Slender façade profiles are achieved with Vierendeel mullions, while the cantilevered wing wall is created by using reinforced aluminium extrusions and structurally bonded glass.
The unitised façade was designed so that it wraps around the penetrating steel, with most components manufactured offsite to keep site operations to a minimum and to enhance weather performance.
The three-storey stick façade comprises slender Vierendeel mullions with 4.6m-tall insulated, low-iron glass units for increased transparency into the retail space. The mullions are designed to work mostly under tension. By carefully selecting the mullions’ support – either hung or dead-loaded to vary the load paths – the façade accommodates significant structural movements.
Pavilion building façade visual mock-up and CNC travertine fi n prior to surface filling
Overclad with CNC-machined travertine to create a striking feature, the façade of the standalone pavilion comprises two-storey Vierendeel mullions projecting forward from the façade line. This façade comprises an insulated rainscreen construction. The travertine was visually selected for compliance with the approved lower and upper limits, and consistency, including surface irregularities. The travertine slabs were sized to accommodate the wind loads, and tested to withstand impact loads and freeze-thaw cycles.
A number of glazed canopies provide shelter to users below. They typically consist of a saw-tooth glass panel arrangement supported onto the primary steel structure. A complex network of gutters and drainage channels discharges rainwater via downpipes located within the external columns.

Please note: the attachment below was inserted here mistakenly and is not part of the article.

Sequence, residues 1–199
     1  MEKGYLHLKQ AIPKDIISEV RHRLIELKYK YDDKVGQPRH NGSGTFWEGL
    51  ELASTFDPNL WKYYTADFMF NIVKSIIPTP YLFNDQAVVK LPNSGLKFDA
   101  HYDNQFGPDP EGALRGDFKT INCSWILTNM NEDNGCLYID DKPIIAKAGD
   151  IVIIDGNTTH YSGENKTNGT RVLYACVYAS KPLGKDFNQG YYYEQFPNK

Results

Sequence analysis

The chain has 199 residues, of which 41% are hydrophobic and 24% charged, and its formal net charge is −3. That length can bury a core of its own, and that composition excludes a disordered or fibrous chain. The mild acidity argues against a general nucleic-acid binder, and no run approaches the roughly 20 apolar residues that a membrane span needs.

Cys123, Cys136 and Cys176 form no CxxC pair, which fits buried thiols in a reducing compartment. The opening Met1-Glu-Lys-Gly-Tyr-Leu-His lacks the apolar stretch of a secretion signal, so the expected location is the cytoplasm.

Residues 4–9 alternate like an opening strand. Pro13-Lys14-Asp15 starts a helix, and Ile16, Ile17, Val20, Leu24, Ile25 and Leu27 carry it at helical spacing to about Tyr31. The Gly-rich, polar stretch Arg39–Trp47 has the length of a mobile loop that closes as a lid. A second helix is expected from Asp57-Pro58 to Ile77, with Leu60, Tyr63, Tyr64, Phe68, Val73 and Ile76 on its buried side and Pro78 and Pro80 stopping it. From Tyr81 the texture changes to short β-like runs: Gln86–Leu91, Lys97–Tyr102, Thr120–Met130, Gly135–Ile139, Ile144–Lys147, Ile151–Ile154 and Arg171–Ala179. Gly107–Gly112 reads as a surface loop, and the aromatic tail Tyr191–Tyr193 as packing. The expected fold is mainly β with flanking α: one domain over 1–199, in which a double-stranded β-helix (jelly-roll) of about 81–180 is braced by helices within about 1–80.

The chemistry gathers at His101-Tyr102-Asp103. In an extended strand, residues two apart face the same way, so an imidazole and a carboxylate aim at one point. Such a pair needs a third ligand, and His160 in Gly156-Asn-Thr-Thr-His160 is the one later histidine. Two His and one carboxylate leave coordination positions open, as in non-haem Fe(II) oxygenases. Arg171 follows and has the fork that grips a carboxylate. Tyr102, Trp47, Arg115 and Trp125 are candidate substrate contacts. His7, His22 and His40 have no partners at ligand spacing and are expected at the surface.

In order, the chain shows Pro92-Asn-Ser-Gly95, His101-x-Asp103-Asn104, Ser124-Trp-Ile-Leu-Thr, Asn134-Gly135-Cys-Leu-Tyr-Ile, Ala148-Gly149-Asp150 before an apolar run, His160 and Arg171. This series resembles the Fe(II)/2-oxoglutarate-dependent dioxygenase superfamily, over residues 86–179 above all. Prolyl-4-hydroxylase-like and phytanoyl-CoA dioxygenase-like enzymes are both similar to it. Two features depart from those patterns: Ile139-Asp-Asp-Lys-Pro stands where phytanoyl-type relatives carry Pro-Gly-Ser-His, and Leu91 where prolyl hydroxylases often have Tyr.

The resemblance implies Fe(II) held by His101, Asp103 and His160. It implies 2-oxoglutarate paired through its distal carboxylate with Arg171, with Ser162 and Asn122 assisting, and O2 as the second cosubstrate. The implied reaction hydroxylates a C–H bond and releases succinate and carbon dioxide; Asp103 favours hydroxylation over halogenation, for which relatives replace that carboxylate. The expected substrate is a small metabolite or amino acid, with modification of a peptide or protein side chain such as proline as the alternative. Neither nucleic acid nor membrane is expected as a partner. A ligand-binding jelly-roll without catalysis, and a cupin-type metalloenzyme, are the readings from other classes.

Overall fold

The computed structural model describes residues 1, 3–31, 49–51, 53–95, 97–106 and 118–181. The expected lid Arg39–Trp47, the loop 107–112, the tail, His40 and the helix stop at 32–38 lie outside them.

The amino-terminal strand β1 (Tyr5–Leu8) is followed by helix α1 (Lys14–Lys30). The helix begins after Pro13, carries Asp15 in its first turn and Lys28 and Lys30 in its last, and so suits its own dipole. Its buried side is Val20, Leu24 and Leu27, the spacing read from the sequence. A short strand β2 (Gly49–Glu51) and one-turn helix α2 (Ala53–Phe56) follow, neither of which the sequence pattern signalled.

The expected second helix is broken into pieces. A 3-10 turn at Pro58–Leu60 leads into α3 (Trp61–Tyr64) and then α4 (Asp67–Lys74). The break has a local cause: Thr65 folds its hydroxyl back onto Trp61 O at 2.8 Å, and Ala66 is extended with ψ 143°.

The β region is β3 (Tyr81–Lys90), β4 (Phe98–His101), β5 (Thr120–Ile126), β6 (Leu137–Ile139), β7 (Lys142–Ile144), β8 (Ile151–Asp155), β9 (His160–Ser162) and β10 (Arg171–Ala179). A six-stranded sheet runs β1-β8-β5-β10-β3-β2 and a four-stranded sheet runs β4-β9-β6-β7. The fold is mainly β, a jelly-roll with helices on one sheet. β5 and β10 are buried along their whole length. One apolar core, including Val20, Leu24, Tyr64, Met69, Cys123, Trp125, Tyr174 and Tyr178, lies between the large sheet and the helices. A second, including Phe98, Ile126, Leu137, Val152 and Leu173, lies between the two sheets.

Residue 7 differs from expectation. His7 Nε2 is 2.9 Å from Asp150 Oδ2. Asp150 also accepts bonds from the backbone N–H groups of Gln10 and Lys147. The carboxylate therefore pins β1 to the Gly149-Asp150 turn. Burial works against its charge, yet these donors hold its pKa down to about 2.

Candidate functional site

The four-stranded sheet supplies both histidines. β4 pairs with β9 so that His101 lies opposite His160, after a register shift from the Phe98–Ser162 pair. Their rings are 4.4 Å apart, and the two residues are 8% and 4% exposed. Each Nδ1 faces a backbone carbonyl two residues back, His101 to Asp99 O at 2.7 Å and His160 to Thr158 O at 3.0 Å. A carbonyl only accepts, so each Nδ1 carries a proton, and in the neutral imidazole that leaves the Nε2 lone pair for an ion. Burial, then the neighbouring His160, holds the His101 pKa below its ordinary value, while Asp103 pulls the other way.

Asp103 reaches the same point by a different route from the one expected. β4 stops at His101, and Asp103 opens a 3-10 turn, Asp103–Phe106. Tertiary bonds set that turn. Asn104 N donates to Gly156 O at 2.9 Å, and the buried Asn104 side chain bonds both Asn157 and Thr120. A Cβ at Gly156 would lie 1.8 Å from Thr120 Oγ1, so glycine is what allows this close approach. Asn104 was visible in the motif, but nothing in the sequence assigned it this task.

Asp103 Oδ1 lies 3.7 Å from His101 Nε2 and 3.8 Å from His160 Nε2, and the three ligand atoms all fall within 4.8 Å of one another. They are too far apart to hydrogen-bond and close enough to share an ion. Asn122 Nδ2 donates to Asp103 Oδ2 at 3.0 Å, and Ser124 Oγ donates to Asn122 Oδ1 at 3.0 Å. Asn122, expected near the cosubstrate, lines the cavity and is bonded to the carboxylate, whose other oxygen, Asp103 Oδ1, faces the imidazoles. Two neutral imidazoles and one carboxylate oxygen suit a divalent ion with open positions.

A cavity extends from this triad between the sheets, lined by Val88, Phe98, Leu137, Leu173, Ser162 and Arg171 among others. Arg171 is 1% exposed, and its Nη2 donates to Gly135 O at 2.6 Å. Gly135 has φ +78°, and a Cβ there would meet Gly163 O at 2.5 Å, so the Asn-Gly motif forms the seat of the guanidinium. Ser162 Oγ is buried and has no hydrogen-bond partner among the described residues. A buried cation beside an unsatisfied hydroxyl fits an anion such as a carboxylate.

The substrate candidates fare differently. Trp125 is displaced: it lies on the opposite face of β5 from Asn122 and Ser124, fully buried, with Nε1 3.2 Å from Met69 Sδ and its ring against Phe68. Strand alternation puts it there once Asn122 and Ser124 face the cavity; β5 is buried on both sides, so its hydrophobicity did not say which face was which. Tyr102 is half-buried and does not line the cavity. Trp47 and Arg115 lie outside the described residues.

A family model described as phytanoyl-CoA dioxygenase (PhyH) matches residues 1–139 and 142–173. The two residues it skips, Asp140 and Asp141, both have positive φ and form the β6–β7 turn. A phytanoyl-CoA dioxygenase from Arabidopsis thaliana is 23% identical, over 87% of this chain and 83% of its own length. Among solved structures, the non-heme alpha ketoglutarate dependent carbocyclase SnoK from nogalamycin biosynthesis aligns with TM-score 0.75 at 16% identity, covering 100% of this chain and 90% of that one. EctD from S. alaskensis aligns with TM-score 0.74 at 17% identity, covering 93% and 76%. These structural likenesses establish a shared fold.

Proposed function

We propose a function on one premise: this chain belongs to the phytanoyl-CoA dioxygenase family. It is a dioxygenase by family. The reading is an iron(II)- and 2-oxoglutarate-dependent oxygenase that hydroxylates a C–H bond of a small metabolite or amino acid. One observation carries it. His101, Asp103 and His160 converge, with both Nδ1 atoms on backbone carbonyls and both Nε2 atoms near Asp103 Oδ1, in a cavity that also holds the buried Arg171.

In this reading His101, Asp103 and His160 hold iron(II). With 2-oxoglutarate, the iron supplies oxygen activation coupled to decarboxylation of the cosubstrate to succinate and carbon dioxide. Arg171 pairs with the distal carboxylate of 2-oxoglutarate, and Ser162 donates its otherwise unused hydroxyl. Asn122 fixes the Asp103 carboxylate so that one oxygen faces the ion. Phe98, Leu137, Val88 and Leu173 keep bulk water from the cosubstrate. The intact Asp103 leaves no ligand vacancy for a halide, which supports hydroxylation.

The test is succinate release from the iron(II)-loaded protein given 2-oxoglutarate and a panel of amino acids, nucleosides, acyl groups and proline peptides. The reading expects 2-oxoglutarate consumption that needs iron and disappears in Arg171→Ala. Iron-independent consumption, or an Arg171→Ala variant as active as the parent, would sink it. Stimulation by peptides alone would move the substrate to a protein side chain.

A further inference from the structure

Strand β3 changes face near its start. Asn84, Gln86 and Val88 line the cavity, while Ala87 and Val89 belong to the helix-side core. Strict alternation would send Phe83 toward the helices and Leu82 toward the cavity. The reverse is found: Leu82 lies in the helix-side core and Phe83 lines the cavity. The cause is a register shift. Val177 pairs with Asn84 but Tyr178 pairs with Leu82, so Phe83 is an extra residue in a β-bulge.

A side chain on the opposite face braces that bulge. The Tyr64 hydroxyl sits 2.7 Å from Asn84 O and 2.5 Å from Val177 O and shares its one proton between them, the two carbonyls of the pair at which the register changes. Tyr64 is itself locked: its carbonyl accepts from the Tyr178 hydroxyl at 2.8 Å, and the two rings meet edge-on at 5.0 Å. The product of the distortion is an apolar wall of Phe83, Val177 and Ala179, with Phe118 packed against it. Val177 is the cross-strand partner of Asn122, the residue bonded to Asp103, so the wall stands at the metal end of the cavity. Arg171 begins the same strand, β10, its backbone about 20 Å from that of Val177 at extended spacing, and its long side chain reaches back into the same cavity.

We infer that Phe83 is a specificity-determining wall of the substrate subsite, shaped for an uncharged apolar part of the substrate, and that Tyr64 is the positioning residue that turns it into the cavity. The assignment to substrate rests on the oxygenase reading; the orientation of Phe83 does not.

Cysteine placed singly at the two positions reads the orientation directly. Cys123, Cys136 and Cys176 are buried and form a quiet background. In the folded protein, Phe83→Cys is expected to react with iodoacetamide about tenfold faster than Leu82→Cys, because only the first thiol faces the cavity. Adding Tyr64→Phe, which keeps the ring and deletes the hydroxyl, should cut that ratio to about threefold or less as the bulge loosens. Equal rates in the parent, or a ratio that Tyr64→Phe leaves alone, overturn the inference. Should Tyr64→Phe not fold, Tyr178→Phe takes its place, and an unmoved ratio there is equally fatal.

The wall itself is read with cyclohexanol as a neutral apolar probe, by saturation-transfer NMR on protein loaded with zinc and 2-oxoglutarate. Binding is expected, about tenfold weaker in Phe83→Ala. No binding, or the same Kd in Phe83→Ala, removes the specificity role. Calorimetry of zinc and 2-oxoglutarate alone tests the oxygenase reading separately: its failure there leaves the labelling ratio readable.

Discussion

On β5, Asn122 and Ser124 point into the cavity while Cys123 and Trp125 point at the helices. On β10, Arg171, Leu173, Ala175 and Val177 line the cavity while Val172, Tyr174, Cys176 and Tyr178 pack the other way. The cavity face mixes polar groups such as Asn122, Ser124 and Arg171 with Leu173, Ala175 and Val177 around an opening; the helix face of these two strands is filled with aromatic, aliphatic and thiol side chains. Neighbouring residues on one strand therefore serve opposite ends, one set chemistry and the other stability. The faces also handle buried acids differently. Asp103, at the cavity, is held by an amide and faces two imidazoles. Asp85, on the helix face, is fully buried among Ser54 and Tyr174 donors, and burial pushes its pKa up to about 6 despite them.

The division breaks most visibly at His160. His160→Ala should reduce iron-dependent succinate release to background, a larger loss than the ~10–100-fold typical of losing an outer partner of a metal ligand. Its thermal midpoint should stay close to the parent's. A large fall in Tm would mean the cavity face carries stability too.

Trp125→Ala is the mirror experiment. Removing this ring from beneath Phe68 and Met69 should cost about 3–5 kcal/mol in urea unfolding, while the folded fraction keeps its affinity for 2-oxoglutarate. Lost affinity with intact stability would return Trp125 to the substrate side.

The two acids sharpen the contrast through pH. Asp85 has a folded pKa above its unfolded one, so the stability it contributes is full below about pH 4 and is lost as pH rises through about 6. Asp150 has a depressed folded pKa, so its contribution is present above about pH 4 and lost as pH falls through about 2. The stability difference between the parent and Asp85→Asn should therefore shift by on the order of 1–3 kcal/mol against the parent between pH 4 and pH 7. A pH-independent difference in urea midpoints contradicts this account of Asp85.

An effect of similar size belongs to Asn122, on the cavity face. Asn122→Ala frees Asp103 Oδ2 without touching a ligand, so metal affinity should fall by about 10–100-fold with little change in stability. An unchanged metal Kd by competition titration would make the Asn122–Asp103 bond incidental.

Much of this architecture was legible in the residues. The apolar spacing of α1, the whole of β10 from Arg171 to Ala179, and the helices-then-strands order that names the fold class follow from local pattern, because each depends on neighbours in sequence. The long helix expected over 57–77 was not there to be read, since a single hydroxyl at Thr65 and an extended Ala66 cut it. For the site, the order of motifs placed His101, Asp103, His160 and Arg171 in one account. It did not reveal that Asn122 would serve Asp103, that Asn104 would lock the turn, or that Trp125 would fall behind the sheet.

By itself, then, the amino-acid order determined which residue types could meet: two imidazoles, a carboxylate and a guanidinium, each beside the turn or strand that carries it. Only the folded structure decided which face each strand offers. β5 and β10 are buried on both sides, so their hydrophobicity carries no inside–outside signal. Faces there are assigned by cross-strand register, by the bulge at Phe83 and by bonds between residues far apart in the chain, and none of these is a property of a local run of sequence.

Two scenic lifts are situated at street level, taking visitors directly to the rooftop restaurant and terrace on Levels 17 and 18.
The scenic lift is a 70m-high glazed structure, consisting of exposed steelwork erected to very tight tolerances and double-height glazing panels 2.4m wide and 5.2m high. These are fitted into bespoke minimalistic mullions restrained back to the primary steel structure.
A 3D-printed cruciform sample
Working with several international teams during the global pandemic brought significant challenges for construction and product reviews, as international travel was prohibited. Advancements in technology were critical to keeping the project on track. RealWear camera technology was used to relay images during real-time visual mock-up inspections.
Using this technology had multiple benefits, including reducing the carbon emissions of this phase of the project significantly by minimising the need for travel and transportation of mock-ups and samples. It enabled more people from the whole stakeholder group to attend reviews, which accelerated decision-making.
Cruciform 3D printing